With the possibility that Assemblywoman Grace Meng’s Flushing seat will become vacant if she’s elected to Congress or if she wins the June 26 Democratic primary but loses the general election, candidates from both parties are already starting to line up to fill it.
Last week, the Queens Democratic Party endorsed Ron Kim, 33, as its candidate in the newly created 40th District, the redrawn version of the existing 22nd. On Thursday, Sunny Hahn, 60, announced that she is running as a Republican for the seat. The Queens Republicans have not endorsed a candidate yet.
Although the Democrats did not immediately send out an official announcement, Michael Reich, the party’s executive secretary, said Kim was selected because of his vast background in goverment work.
Kim, who works for the Parkside Group, a political consulting and lobbying firm, said Friday he was taking a leave of absence during the campaign. He previously worked in city and state government.
In City Hall, he worked for the Department of Small Business Services and as a policy analyst for the City Council. He was appointed by former Gov. Eliot Spitzer in 2007 as his regional representative in the mayor’s office.
Kim ran in 2009 for then-Councilman John Liu’s seat, when the latter successfully ran for city comptroller. He pulled out of the race after a month, citing party unity. There were six other Democratic candidates.
Hahn, an activist in Flushing’s Korean community, had hoped to run for the 16th Senatorial seat as a Republican, but was not endorsed by the county GOP, which selected J.D. Kim, a Flushing lawyer. He will face Sen. Toby Stavisky (D-Whitestone) in November.
Hahn announced her run outside the historic Bowne House, which is considered the cradle of religious freedom in the country. Farmer John Bowne allowed Quakers to meet at his home in the mid-1600s, defying the Dutch governor. She pointed to the shrine, saying she wants to build on “the glorious past of Flushing” and to put it on the map.
Hahn said she will try to weigh the merits of proposed state projects — of what type she did not say — on what will benefit the community the most and “what is moral, ethical and rational.”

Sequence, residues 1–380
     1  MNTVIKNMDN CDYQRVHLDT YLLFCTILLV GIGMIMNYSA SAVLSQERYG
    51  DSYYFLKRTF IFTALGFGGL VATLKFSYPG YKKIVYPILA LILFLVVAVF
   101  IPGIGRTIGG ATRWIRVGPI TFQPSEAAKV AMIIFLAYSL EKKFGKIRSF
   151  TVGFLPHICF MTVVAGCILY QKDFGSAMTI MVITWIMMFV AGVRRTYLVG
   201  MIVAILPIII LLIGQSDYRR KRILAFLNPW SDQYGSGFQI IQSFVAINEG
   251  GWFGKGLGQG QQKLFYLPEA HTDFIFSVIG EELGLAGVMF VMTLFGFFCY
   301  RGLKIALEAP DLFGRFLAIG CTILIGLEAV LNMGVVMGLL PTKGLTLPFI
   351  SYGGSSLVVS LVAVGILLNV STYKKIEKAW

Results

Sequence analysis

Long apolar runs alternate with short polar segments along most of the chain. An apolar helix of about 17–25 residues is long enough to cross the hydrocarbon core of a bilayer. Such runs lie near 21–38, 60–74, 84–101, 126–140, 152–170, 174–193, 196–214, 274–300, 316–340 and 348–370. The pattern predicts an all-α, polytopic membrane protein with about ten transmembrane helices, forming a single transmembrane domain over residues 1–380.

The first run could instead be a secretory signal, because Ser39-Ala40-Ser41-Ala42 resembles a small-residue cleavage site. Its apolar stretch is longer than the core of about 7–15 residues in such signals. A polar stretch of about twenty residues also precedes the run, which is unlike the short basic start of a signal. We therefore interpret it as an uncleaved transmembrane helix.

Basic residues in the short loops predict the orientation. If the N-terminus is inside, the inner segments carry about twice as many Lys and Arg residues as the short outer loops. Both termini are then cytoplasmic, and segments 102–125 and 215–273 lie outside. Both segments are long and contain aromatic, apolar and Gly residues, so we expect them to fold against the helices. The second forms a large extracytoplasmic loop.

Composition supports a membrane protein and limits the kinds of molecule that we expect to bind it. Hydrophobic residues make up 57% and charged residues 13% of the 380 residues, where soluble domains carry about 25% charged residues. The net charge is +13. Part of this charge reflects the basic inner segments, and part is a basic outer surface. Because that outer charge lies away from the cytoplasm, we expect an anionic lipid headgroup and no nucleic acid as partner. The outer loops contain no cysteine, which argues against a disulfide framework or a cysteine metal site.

Born in South Korea, she moved to the United States at the age of 27, living in Boston, Washington, DC and Hawaii before moving to New York in 1986. She worked for the National Women’s Political Caucus and later the Commission on Human Rights in New York.
“I have lived in the East and the West,” she said. “This country is still the greatest.”
She urged immigrants to become more involved and to perform community service. “Immigrants have to be involved with loving America more than the country they came from,” the candidate said.
She also rallied residents to start dreaming again. “It will push us forward to the future,” Hahn added.
Wearing a jeweled American flag pin and standing in front of Old Glory, the candidate said she doesn’t have much expectation of support from the county GOP. She promised to use her own money to help finance her campaign and to take small donations from individuals. If she wins the primary, Hahn expects the Korean community will support her with money.
Hank Yeh, 60, a management consultant who is affiliated with the Chinese American Voters Association and the Northeast Queens Republican Club, announced Monday he will run for the seat.
Phil Gim, 60, another Republican, also announced his candidacy Monday. He is a small business consultant and former postal worker.